Alpha males are integral in romance novels. They’re the ones who makes your heart beat faster, your toes curl and your stomach flutter with excitement. These heroes can be quite difficult to write, but I’ve managed to pinpoint at least three characteristics your alpha male has to have.
1. Your Alpha has to be attractive
There is no way around this. Your alpha cannot be an Average Joe (even though we all have a soft spot for him). No, he has to be the most devastatingly handsome man you have ever come across. Of course, he can have his flaws. Perhaps he has a scar from his bad boy days (like my latest hero) or a missing limb from serving in the army. But those flaws need to pull the heroine in, and could even be a part of his character. Does she wonder what’s made him a bad boy? Does the loss of his limb speak of his courage? Your alpha needs to make the heroine – and your reader – weak in the knees. Have fun with it!
2. Your Alpha should be commanding
Your alpha doesn’t have to be a CEO or king to have this characteristic. But he does have to command the attention of your heroine every time they are together. Often writers (including me) show this through arrogance. That’s fine, and perhaps even a little expected, but there has to be something beneath the arrogance. If you can’t make that arrogance appealing, you threaten alienating your reader.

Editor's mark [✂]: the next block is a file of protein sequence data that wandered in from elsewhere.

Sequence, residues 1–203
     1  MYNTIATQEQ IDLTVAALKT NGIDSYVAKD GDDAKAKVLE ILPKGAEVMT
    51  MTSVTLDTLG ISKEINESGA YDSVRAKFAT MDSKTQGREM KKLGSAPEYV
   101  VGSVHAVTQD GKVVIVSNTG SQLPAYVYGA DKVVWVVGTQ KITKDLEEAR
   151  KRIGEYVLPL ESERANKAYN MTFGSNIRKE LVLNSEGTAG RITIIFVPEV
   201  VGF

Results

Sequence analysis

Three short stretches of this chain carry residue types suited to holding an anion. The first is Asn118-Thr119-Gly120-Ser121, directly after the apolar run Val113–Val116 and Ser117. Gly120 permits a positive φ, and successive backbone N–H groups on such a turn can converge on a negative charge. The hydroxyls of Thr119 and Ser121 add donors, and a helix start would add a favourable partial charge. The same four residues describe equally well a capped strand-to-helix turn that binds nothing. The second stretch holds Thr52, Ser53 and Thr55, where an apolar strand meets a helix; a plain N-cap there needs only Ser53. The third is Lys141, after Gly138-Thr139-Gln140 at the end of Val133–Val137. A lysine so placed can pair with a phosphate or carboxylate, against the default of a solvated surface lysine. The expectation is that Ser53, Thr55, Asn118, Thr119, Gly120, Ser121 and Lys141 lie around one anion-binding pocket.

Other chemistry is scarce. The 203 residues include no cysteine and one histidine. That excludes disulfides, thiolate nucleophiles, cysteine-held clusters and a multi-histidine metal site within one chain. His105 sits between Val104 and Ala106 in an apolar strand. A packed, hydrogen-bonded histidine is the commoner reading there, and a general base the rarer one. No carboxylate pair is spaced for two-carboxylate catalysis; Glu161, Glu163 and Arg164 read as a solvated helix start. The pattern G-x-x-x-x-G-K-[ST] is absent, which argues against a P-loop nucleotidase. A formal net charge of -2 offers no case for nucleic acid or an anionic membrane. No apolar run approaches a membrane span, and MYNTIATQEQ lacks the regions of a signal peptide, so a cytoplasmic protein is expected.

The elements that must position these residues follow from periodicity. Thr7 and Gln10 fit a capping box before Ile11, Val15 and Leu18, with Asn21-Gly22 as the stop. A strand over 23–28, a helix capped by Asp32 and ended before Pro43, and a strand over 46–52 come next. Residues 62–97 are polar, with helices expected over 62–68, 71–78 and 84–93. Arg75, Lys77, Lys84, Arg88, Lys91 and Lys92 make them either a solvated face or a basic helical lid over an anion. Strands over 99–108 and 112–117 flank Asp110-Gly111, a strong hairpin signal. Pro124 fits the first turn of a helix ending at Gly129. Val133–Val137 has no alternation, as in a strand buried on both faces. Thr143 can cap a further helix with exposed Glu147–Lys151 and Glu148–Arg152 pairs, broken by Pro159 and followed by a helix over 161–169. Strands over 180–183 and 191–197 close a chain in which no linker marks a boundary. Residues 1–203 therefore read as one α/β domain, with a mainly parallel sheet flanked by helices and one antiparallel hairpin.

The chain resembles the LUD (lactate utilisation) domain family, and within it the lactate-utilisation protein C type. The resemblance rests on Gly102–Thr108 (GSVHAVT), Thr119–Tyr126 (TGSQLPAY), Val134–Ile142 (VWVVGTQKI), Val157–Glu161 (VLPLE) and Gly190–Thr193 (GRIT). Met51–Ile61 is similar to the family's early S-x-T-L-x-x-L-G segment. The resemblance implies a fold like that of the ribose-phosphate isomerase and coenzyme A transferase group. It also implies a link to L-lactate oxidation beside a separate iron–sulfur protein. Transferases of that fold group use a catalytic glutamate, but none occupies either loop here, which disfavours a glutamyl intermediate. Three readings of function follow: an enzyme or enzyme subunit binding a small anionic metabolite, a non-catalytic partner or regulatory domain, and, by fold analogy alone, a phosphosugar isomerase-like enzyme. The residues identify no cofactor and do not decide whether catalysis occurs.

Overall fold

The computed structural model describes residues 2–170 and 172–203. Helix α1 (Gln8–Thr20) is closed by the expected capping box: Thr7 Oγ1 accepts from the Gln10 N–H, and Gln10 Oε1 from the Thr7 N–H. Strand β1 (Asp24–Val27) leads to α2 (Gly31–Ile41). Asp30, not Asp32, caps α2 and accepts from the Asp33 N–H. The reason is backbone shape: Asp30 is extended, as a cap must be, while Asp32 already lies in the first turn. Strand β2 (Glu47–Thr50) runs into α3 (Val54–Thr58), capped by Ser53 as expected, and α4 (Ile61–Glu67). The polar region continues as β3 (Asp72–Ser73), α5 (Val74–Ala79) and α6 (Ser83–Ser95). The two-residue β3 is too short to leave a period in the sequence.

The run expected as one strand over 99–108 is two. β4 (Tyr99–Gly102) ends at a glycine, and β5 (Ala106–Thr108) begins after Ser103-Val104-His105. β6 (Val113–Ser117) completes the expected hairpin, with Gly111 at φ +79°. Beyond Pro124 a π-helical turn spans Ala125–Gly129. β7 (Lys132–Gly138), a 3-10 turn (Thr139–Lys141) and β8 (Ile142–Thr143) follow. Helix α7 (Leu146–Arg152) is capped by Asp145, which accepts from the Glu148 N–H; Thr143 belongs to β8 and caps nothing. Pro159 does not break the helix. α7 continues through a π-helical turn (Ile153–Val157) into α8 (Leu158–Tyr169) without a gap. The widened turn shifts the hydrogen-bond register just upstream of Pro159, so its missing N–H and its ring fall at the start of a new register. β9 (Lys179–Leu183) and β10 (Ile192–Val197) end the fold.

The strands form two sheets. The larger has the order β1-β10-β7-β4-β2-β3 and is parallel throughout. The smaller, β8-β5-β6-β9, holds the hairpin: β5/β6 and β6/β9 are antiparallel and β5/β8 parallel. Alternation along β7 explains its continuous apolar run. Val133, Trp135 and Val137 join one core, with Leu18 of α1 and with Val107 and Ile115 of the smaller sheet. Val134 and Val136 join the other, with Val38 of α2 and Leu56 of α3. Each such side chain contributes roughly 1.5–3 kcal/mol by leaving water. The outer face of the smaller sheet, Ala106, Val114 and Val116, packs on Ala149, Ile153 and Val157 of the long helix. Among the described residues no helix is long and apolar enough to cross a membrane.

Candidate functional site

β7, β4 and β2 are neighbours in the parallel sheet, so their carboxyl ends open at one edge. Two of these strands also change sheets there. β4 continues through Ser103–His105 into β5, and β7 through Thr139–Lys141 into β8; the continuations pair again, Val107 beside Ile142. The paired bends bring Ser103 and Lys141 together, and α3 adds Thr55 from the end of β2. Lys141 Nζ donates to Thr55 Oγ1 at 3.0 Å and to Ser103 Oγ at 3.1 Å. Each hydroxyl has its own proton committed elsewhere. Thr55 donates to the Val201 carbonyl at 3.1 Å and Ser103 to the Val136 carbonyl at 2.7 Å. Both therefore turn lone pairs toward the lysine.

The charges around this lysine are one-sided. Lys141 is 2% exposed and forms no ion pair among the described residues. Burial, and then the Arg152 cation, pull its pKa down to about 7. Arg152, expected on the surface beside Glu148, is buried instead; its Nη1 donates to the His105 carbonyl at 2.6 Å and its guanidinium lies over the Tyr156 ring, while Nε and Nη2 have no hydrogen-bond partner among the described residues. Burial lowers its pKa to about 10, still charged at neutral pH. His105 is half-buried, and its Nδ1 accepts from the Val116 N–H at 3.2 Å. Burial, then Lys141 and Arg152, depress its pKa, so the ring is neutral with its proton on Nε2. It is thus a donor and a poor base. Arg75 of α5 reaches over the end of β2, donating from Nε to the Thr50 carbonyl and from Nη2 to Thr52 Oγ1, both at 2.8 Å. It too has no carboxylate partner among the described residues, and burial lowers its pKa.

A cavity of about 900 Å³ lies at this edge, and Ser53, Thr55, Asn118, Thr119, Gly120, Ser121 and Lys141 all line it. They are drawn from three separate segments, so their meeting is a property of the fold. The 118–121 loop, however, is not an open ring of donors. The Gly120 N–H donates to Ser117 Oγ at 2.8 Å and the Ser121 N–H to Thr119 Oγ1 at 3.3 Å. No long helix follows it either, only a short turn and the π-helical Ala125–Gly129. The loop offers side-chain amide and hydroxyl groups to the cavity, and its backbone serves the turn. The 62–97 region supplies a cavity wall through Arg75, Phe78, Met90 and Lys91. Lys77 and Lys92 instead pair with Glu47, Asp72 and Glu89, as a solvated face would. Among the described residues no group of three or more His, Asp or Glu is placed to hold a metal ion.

Fortunately, there are other devices that you can use to make your hero commanding. You can make him the strong, but silent type. He can be confident with a sense of humour. Or you can use his past to make his strength clear in certain situations . Whatever you do to indicate this, make sure he captivates your heroine and your reader.
3. Your Alpha shouldn’t be an asshole
A bit crass, I admit, but true nevertheless. I’ve read way too many books where the hero does deplorable things in the name of being an alpha. Your reader has likely picked up your book as an escape from their reality. They don’t want to see men treating women poorly in fiction (was that implicit “too” too obvious? 😉 ). This is especially true in emotional scenes. If your hero is angry, do not make him violent – physically, emotionally OR sexually. If he’s hurt, keep what he says and how he says it true to his character. Make it propel the story and relationship forward. Use the negative emotions to reveal the hero’s inner conflicts. Otherwise, your reader might just roll their eyes and put your book down.